Redo_nfloffenseIn the junkart version, the raw numbers of attempts are converted into proportion of attempts that were passing versus rushing.  This easy move immediately collapses the two dimensions into one.  Now, we have room to include an extra variable which matters: the average amount of snowfall in these cities.

So what does the data say about the relationship between propensity to pass and cold weather?  There appears to be very little relationship as the dots are all over the chart.  In particular, the teams playing in cities with the highest snowfall span the range of passing percents; similarly, those playing in lowest-snowfall cities also span the range of passing percents. 

The caption ignores all the blue dots, focusing only on the gray ones.  A more direct examination of the relationship reveals the folly of the so-called "not so conventional wisdom".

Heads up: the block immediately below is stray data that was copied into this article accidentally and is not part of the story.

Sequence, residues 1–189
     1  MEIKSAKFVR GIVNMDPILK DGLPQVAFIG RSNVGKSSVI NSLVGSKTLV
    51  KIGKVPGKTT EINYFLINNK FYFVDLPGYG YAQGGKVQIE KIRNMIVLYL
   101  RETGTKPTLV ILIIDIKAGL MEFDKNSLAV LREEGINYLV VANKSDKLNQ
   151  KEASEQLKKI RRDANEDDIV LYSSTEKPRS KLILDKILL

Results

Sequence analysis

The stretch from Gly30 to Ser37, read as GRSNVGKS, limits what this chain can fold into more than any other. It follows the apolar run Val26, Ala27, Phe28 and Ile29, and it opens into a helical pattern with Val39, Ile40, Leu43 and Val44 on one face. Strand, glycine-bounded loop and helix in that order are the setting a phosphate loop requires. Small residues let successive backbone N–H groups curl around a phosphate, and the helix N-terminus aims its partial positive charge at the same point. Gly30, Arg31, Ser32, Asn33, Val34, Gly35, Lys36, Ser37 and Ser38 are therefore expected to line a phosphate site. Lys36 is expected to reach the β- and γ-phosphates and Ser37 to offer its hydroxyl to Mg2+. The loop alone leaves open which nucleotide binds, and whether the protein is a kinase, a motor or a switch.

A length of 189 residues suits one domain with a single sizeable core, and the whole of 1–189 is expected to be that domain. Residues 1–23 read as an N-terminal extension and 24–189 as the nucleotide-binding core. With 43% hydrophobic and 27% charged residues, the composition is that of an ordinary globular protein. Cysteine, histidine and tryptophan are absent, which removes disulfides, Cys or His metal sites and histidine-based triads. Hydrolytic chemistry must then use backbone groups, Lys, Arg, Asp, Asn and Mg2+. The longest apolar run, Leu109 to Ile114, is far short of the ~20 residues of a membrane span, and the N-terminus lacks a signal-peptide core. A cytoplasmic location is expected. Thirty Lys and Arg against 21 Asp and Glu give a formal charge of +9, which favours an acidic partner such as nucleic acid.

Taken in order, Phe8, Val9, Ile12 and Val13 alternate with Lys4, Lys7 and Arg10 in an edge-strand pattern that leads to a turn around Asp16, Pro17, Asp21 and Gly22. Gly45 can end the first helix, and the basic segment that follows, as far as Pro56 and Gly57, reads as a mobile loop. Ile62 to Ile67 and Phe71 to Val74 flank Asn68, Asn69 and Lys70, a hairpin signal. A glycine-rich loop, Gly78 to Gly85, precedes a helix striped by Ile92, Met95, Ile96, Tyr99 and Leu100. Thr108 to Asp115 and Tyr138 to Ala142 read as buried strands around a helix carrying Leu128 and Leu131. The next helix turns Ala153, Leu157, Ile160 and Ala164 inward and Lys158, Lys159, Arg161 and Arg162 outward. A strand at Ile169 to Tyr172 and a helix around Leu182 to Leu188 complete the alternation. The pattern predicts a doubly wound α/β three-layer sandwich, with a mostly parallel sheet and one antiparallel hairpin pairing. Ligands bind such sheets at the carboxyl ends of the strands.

References: "NFL Offences Undergo a Thaw in Thinking", New York Times, Jan 5 2008; government snowfall statistics.

Water and wine

Marketers have always argued that price signals quality; this leads to the startling idea that one should just set a high price. 

If you don't believe it, note how Coca Cola and Pepsi turned tap water into a premium-priced $1.7 billion market.  As we now know, Dasani and Aquafina are just bottled tap water.

Wine_tasting Even if one can turn water to wine, now researchers discovered the same rule applies.  Unlike most scholarly articles, they actually published a well-made chart to illustrate their experiment.

Testers were given the same wine but told either it cost $10 or $90.  Their brain activity is measured.  The chart showed that those thinking it cost $90 (green line) had much better sensation about the wine than those thinking it cost $10 (blue).

A standard way to display this information is a data table that spells out every estimate and its standard error, plus some asterisk or bolding scheme to indicate statistical significance.  Visualization is far superior.

For more examples, see Gelman's paper or Kastellec and Leoni's paper.